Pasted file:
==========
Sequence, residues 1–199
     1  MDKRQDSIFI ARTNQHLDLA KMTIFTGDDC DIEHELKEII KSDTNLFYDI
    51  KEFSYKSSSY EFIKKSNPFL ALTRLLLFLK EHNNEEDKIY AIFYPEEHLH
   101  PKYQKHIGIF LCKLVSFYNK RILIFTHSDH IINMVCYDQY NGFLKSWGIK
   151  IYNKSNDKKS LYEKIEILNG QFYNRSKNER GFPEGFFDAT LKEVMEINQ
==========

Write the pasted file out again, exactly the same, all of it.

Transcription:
Sequence, residues 1–199
     1  MDKRQDSIFI ARTNQHLDLA KMTIFTGDDC DIEHELKEII KSDTNLFYDI
    51  KEFSYKSSSY EFIKKSNPFL ALTRLLLFLK EHNNEEDKIY AIFYPEEHLH
   101  PKYQKHIGIF LCKLVSFYNK RILIFTHSDH IINMVCYDQY NGFLKSWGIK
   151  IYNKSNDKKS LYEKIEILNG QFYNRSKNER GFPEGFFDAT LKEVMEINQ